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Hotline calls and other tips are the best way to uncover potential violations inside organizations, but getting the full picture often requires documents and other evidence that only can be found outside the organization, one expert says.
“The best line of defense for organizations who want to control, prevent and resolve misconduct are your own employees and third parties supporting your organization,” said former federal prosecutor Jeffrey Klink, CEO of Klink in Pittsburgh, Pennsylvania.
Multiple hotline calls and other complaints exposed corruption by a vendor procurement employee at one Pennsylvania company. The woman was having an affair with a married vendor, from whom she solicited kickbacks. “It was a classic kickback scheme where the vendor inflated the prices on the goods being sold, the employee approved the inflated invoices, and when the vendor got paid, he kicked back some of the money to the employee,” Klink said. Hotline calls came in about the employee’s relationship with the vendor, but there were other signs that something was amiss. The CEO wanted to know who was driving a nicer car than him, and it turned out to be the vendor procurement employee, who also left copies of her healthy bank statements on the Xerox machine.
When Klink was hired to investigate, he found purchasing improprieties in records and employee interviews, but convinced the company not to fire the woman yet. He wanted her in the dark while he conducted a broader investigation. After searching property records, Klink discovered the vendor procurement employee and vendor had purchased a house on Philadelphia’s expensive Main Line, and that while on a supposed vacation to the Jersey Shore, she was actually in China forming an apparel company with the vendor. And although she had deleted emails with her vendor boyfriend, a forensic audit retrieved them. When confronted, the woman denied the misconduct until presented with the evidence.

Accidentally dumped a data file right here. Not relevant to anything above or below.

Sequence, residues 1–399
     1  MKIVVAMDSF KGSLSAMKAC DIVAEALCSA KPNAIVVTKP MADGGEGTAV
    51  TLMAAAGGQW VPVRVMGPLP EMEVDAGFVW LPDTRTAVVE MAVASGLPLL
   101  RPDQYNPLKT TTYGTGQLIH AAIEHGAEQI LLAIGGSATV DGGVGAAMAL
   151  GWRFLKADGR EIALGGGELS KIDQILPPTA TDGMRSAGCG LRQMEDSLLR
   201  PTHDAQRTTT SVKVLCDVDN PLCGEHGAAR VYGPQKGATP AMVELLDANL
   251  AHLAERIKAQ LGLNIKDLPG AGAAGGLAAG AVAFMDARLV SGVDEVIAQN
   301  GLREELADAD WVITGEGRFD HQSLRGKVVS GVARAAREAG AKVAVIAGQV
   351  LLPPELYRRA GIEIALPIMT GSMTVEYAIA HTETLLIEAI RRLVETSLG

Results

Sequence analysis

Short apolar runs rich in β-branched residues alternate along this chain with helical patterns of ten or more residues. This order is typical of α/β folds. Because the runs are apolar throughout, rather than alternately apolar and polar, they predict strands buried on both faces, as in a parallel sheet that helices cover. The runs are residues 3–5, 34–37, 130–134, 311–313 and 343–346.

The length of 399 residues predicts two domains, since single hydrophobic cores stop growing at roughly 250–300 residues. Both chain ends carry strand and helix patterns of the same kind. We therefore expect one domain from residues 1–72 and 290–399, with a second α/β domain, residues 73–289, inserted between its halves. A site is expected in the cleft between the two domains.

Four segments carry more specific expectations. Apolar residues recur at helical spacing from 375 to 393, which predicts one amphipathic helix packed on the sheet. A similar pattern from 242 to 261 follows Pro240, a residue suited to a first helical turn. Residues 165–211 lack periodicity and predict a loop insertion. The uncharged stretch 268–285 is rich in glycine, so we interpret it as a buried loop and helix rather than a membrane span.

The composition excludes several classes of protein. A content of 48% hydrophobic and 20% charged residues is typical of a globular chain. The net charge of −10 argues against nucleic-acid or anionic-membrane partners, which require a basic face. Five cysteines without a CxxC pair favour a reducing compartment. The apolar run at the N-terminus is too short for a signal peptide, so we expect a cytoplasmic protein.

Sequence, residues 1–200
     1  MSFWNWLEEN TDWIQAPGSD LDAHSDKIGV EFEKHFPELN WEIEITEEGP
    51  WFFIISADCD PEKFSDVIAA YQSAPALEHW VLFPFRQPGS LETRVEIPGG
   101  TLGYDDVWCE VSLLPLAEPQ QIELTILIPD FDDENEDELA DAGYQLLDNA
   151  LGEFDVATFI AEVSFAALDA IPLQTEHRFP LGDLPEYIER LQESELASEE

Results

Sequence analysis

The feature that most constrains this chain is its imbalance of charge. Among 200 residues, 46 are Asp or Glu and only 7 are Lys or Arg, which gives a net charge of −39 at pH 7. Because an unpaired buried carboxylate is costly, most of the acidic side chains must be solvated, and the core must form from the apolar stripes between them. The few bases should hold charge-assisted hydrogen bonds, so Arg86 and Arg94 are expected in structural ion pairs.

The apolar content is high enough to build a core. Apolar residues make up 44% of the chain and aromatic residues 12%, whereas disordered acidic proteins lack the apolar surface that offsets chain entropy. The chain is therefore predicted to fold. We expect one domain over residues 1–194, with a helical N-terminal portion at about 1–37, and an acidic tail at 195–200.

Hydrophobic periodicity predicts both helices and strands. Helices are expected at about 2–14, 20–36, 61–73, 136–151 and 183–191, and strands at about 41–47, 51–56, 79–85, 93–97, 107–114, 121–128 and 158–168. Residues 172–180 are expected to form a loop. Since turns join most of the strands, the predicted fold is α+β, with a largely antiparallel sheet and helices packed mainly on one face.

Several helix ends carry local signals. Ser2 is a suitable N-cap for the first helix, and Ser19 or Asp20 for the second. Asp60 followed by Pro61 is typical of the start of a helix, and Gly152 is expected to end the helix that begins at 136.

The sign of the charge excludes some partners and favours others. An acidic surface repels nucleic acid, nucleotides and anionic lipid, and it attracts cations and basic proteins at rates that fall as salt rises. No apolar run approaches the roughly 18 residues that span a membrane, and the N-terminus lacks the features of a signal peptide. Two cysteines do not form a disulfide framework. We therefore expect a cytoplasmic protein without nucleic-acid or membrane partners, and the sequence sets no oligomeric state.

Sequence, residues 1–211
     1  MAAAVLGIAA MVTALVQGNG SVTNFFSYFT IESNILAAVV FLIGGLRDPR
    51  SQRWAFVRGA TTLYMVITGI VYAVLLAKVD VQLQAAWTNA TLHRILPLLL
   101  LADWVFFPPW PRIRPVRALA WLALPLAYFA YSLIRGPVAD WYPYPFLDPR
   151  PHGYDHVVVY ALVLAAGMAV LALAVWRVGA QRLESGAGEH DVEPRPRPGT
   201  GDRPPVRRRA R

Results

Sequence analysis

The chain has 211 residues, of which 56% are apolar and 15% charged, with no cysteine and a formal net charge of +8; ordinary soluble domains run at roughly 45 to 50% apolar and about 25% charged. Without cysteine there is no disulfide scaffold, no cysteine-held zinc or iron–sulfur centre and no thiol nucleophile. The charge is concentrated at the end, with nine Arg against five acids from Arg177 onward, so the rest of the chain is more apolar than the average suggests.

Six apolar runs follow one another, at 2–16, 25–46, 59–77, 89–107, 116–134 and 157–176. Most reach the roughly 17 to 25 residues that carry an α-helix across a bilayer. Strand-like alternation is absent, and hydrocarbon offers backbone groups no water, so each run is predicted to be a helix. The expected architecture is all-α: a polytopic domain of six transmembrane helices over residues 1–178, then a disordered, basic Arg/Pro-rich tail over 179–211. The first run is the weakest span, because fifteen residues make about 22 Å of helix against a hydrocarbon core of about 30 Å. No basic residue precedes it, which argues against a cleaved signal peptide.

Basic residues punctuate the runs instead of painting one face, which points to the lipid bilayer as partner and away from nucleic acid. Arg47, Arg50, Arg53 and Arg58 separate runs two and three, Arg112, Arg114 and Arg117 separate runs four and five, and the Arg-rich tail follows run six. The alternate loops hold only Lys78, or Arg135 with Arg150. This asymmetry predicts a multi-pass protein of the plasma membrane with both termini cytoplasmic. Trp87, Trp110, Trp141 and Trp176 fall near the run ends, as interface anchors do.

Although the company declined to refer her to law enforcement, it fired her and recovered $4 million under its fidelity/crime insurance policy, which insures against employee or vendor misconduct, said Klink, who spoke at a March 12 webinar sponsored by the Society of Corporate Compliance and Ethics. “It’s illustrative of what you might do when thinking outside the box,” he noted.
As was the case here, organizations often refuse to report misconduct to law enforcement because it makes the people in charge look bad, Klink said. They don’t want negative press, and nonprofits worry donors will think twice about their donations if money is siphoned to fraud, “and there’s the same thought process for investors in for-profits,” he explained. “I think sometimes people don’t understand the extent and materiality of fraud” and prefer to resolve it themselves.
Reporting comes in many forms: phone, mail, email, web form, a concern box or in person. Although many sophisticated organizations have hotlines, they may not be used because their importance isn’t effectively communicated. One way to get the message across: put the burden on employees to report suspected misconduct by penalizing failure. For example, the code of conduct could state that they are obligated to say something if they see something, Klink said.
Hotline callers should get feedback or people will stop reporting their concerns. For example, sometimes hotline reports gather dust because of mergers and acquisitions. “If you don’t respond, people won’t continue to use the hotline,” he noted. “We have talked to a lot of people after reports of misconduct. They said, ‘I quit sending them because no one responded.’”